“FRAMING THE FUTURE”

WORDS FROM W.W. June 16, 2011
“Framing The Future”

For Father’s Day a year ago my daughter Kecia surprised me by framing all of the photos I have had of teams I have coached in the last decade or so. She put each team photo into it’s own frame and then arranged them on one of the walls in my home study. Some of the photos are larger and require special frames. Some are situated where the vertical sides of the frame are the longer two sides, and others are just the opposite.
The frames don’t change the pictures, but they do influence one’s perspective of it. For example, one of the teams that I enjoyed coaching the most has their photo in a black frame with thin borders around it. The frame, from my view and memory, enhances the sweetness of the season that I shared with the players in that picture. One of the more difficult teams I coached has its photo centered in a solidly built frame that, for some reason, acts like a memory-eraser of the afternoons I felt like I was trying to get a team of mules to take one step forward.
The wall is about to gain a few others frames of this past year’s teams. In preparation for this I went to a store and looked at new frames to place the photos in. I was amazed at the options! A couple of them seemed to communicate serenity. Others non-verbally said “Strong” and “Loving.” I would describe a few as traditional and others as “adolescent-bound.”
The frames communicated perhaps as much as the pictures.
It occurred to me that our faith experience, or perhaps our faith experience through church, is influenced by our “frame.” What has given us a sense of comfort and peace often becomes the “frame” through which we see the view of the present and our hopes for the future.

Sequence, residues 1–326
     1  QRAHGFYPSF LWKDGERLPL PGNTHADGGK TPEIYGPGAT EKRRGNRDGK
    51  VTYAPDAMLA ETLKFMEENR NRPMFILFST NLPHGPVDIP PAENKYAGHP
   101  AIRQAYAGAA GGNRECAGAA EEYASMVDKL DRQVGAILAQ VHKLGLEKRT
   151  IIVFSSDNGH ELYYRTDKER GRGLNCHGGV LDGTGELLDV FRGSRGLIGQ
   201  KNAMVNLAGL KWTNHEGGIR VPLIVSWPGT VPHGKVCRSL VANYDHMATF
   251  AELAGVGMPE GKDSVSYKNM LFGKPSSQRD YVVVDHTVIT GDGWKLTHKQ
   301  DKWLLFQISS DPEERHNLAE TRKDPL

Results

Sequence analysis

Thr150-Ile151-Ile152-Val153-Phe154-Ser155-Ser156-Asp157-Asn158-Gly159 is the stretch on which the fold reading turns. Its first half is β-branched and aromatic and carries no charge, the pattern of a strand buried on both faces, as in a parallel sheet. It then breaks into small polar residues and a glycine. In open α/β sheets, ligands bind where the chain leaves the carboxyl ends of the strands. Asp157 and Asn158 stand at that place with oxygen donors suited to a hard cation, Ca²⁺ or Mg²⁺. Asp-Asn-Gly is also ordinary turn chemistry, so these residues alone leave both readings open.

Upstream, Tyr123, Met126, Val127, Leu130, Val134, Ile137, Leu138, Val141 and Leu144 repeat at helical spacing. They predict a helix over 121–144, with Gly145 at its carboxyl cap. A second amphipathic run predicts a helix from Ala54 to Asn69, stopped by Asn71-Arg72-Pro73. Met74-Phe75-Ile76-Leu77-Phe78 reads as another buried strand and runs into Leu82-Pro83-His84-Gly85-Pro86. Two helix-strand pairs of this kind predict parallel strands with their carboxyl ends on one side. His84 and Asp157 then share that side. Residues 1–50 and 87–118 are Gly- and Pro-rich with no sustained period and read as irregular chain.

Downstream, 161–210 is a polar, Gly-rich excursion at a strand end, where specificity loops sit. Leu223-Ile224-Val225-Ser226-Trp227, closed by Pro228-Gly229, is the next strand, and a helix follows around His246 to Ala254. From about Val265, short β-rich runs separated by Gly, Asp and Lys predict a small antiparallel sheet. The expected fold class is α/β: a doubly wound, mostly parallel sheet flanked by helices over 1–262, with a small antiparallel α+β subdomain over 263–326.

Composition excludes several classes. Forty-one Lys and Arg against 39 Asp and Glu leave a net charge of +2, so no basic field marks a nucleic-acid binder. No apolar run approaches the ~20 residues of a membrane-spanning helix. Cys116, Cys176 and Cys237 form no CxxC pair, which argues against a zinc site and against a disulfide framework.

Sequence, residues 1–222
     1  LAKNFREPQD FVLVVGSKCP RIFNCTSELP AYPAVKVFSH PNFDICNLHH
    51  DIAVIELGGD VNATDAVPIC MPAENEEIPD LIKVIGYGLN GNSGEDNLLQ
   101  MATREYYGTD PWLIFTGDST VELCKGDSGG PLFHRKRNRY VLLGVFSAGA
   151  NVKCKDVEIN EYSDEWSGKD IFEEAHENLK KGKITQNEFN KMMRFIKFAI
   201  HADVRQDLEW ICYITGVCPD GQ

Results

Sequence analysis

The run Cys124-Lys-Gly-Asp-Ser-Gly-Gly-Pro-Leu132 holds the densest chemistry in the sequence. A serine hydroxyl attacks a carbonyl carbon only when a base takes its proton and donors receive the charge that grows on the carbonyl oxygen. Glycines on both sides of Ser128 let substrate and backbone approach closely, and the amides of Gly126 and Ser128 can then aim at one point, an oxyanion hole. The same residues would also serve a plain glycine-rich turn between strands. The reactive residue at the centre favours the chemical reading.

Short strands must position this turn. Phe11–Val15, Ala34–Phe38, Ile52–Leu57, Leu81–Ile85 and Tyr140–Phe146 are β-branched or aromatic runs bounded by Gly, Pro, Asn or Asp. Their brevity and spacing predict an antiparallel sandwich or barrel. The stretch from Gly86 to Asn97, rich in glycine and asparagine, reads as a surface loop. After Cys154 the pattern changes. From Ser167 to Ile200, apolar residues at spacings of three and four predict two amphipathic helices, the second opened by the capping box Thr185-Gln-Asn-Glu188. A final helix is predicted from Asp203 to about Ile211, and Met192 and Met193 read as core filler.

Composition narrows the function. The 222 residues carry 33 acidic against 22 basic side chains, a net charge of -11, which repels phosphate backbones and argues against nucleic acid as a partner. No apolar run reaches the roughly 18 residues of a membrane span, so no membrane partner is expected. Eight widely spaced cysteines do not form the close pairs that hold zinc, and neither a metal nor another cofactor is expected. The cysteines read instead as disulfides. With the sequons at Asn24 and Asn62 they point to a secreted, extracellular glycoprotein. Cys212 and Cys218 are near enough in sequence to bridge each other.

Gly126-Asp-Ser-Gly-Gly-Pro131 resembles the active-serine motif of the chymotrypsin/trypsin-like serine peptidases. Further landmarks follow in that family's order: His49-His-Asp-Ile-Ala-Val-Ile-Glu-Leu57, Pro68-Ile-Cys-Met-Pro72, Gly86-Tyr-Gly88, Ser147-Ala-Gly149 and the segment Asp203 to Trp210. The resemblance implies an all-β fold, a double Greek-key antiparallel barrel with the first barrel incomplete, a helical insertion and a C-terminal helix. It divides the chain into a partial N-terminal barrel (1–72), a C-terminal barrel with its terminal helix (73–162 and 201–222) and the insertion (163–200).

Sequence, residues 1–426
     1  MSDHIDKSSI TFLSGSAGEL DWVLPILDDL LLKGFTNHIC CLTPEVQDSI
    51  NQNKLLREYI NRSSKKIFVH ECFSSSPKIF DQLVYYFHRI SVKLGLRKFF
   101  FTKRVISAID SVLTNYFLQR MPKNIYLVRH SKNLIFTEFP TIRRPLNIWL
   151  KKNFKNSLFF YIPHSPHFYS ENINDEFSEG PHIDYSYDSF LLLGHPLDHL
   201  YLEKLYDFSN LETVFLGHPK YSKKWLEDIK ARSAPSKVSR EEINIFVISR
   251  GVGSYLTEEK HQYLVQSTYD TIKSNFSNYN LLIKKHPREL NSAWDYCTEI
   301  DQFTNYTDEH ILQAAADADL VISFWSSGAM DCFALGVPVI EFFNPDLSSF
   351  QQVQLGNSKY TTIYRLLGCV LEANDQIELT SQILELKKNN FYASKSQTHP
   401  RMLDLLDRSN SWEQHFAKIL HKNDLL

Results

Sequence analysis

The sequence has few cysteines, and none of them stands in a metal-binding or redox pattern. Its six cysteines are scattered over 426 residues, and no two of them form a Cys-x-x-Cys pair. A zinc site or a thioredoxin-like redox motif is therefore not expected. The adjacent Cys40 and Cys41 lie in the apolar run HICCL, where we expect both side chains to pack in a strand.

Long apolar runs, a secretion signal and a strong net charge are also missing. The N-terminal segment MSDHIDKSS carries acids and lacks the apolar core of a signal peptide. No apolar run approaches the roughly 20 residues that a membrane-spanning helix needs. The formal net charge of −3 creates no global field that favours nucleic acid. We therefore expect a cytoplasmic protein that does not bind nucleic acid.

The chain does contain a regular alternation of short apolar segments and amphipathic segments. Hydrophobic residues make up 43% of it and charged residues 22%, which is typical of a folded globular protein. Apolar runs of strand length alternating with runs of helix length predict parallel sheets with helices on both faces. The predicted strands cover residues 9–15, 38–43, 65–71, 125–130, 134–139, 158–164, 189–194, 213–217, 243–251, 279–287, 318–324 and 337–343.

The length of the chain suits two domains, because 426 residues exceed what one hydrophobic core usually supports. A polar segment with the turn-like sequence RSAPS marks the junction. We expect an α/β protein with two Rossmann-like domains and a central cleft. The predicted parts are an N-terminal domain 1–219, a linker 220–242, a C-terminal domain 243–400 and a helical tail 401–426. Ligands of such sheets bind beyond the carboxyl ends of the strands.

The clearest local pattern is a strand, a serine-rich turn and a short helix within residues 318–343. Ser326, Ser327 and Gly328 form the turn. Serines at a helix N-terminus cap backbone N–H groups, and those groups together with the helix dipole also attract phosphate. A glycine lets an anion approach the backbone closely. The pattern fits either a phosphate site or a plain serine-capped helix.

In essence, disgruntlement or satisfaction with our church is often connected to how well we have experienced the past. It helps us understand why older generations are so passionate about singing hymns. It helps me understand why I sometimes think of youth ministry being done in a certain way…because that’s how it was done when I was in high school, and how I did it when I was a youth director. It explains why certain things are in specific places in a sanctuary, not necessarily because Scripture instructs that way. It also helps us make sense as to why one church has a weekly calendar that never changes, but other churches are more open about altering the schedule on a regular basis.
Our past experiences help frame the present and future. If someone’s experience in a traditional church was riddled with chaos and hurt, he may never be involved in an organized religious group again, or when he does become interested in a faith journey again it could very well be in a non-traditional setting that is fresh and completely different.
Sometimes people leave churches not because they were offended or angered, but because their frame needs a more familiar picture in it. Who would put a Picasso in a frame that would take the attention away from the picture? Who would put a picture of the 2011 Dallas Mavericks in a 1890 picture frame that once held the photo of my grandparents with “four greats” in front ot their names?
The Pharisees often got upset with Jesus. Their faith frame was being seen with a new photo in it, and it was just a little too much out there for them to be comfortable with.
In a culture that is very spiritual, and decreasingly church-based, there will probably be more and more conversation…and heated debate about our different frames. It’s neither a good thing nor a bad thing. It just is.

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3 Comments on ““FRAMING THE FUTURE””

  1. Janet Says:

    Wow! What a great way of looking at how we view our various circumstances and what influences our feelings and choices.

  2. Janet Says:

    I’d love to print this to share with others but have no clue how to do that! Help this technological dinosaur.


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